Jesus and the Resurrection
April 19th, 1987 @ 8:15 AM
JESUS AND THE RESURRECTION
Dr. W. A. Criswell
4-19-87 8:15 a.m.
And welcome the throngs of you who share the hour on radio and on television. You are a part this morning of the First Baptist Church in Dallas, and this is the pastor presenting an exposition of the latter part of the seventeenth chapter of the Book of Acts.
In this second missionary journey, Paul is in Athens. And in the agora, the vast marketplace, he is speaking to those Athenians who, of all people in the world, are—you have it translated here “superstitious” [Acts 17:22]. That’s unfortunate. The word is “religious.” They were very religious. They had more gods they worshipped than there were people in the city. And as he spoke to them about the gospel of the Son of God, they said, “What would this,” and you have it translated “babbler” [Acts 17:18], the actual word is seed picker, “What would houtos,” this contemptuously referring to him, “what would this seed picker say? For he seems to be a setter forth of strange gods,” plural: because Paul was preaching to them Iesous kai, and anastasis, lesous and anastasis.
They were accustomed to worshipping gods in male and female pairs, such as Jupiter and Juno, or Venus and Adonis, or Isis and Osiris, pairs of gods. And when Paul was preaching lesous, masculine, and anastasis, feminine, they thought he had a new pair of gods they’d never heard of—Iesous, “Jesus,” masculine, and anastasis. Your word Anastasia comes from that, anastasis, feminine, “the resurrection” [Acts 17:18].
Now there were two groups of philosophers who were listening to Him. One were the Epicureans and the other the Stoics [Acts 17:18]. And they listened very carefully and intently as Paul began to present the God, the One who was raised. But when he spoke of the resurrection of the dead, the Epicureans laughed out loud. They ridiculed him and mocked him. And the Stoics were somewhere kinder and more gracious. They just bowed themselves out and away [Acts 17:31-32].
The Epicureans were atheists and materialists; and that does not mean they were not brilliant. They were atomic scientists. They believed that the whole world was made up of atoms. Isn’t that an unusual thing? Long before our modern atomic theories, the Epicureans taught that the basic material that make up the substance of this creation is atomic. The coarser atoms, they said is the earth; the finer atoms, they said is the body; and the finest of the atoms is the soul. But when you die, you just go back to your atomic, molecular structure. They were atheists. “If there were any gods,” Epicurus said, “they were way out somewhere, had nothing to do with us in this world.” They were materialists. They were hedonists. Their theme you’ve heard all your life, “Eat, drink, and be merry for tomorrow we die.” So when the Epicureans heard Paul speak about the resurrection of the dead, that we would live again, they laughed out loud. They mocked and ridiculed [Acts 17:31-32].
The Stoics, named after Zeno who taught on the stoa, the “porch,” the Stoics were more gracious. The Stoics were pantheists. God is everything and everything is God. And we are a part of this world’s soul, and when we die we go back into it; certainly, no such thing as a personal life, a resurrection after the dead. So, when he spoke of the life promised in Christ after we are raised from the grave, the Stoics were very gracious and very kind and said, “We will hear thee again of this matter” [Acts 17:31-32], and they left.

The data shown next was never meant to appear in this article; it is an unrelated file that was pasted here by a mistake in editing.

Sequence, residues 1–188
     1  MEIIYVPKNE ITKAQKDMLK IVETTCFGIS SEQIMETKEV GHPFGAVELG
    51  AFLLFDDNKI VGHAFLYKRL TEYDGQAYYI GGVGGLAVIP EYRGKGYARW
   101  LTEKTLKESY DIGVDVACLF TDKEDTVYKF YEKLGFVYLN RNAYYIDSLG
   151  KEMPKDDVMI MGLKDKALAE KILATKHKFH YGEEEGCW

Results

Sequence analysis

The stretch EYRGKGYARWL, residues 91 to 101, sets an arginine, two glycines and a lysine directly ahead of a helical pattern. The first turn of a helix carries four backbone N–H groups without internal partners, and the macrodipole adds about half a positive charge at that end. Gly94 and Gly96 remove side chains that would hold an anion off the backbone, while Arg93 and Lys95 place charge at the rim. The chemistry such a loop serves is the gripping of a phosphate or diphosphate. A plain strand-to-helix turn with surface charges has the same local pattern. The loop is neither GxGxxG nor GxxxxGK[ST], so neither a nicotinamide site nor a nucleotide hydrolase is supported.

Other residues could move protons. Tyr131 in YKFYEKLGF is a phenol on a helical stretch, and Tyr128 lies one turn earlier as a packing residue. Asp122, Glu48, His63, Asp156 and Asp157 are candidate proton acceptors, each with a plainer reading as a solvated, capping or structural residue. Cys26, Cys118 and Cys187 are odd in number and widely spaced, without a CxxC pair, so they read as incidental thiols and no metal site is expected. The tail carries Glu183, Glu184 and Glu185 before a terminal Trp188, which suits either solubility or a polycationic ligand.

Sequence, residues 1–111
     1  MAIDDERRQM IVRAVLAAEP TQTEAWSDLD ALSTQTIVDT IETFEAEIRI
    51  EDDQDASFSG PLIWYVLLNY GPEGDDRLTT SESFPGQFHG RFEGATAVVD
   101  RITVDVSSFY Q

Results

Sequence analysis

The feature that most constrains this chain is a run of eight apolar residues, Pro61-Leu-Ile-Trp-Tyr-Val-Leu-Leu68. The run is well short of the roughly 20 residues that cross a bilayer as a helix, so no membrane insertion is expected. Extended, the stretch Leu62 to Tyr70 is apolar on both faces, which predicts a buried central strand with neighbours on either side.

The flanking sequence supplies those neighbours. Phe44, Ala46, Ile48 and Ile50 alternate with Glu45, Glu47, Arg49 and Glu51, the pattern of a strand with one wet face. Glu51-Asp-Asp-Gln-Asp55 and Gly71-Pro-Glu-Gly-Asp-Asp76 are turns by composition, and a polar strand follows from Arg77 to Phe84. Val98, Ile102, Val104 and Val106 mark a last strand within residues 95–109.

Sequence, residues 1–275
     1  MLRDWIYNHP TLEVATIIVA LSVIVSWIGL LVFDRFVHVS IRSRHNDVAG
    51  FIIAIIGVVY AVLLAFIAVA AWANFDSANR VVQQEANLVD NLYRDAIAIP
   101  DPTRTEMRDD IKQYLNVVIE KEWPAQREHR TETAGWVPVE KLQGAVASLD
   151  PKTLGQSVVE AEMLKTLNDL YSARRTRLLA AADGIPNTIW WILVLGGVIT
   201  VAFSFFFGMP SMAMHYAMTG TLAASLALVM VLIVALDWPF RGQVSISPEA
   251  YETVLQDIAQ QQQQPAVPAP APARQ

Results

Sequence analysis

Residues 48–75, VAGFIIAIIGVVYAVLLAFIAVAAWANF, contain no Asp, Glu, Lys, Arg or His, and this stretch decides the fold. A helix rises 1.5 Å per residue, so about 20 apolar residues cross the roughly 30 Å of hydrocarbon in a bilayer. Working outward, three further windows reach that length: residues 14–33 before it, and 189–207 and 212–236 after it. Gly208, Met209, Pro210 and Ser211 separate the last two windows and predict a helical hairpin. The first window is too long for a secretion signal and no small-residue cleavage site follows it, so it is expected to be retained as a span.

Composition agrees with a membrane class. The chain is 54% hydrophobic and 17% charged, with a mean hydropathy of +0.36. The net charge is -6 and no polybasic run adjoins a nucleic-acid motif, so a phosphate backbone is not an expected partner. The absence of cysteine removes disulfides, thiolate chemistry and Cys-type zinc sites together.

This attitude, this reception, of the message of Christ in His resurrection has been a pattern of life through all of the centuries and is no less so today. I’ll take one instance out of ancient history and one out of our modern history; the skepticism and unbelief on the part of so many, that if a man die he will live again, that there’s such a thing as a resurrection of the dead.
In about 100 A.D. Trajan was the emperor of the Roman Empire, and he instigated a furious persecution against the Christians in Antioch. It was in that persecution that the great preacher Ignatius was fed to the lions in the Roman Coliseum. Anyway, Trajan took five Christian virgins, maidens, and he burned them. And he took the ashes of those five Christian virgins, and mixed them with molten brass, and formed them into statues, and placed them there in Antioch in order that, as Trajan said, “The people might see that it was he and not their God who raised them from the dead.”
A modern instance of the continuing skepticism of the resurrection of the dead is found in Albert Einstein. Albert Einstein, the incomparable scientist, spent the last years of his life in Princeton University. Albert Einstein said, “I want it understood that I am an atheist. And when I die, there is to be no memorial service, no funeral, but my body is to be burned and scattered to the winds.” And when Albert Einstein died, the atheist, the materialist, there was no service of any kind or order; they burned him, and they scattered his ashes to the wind.
There is no doubt but that mortality and the turning of our anatomical figure back to dust is patent and latent and demonstrable on every hand. I live in that kind of a world; burying the dead, yesterday, the day before. It is an unceasing phenomenon; all of us are born to die.
And the Bible is honest and truthful and verifiable in facing that inevitable fact; the whole Book of Ecclesiastes concerns the death of this body that turns back to the dust of the ground. But there is something more, and something else, and something over, and something above the mortality of this human body. And Jesus our Lord met that skepticism boldly, and courageously, and fearlessly.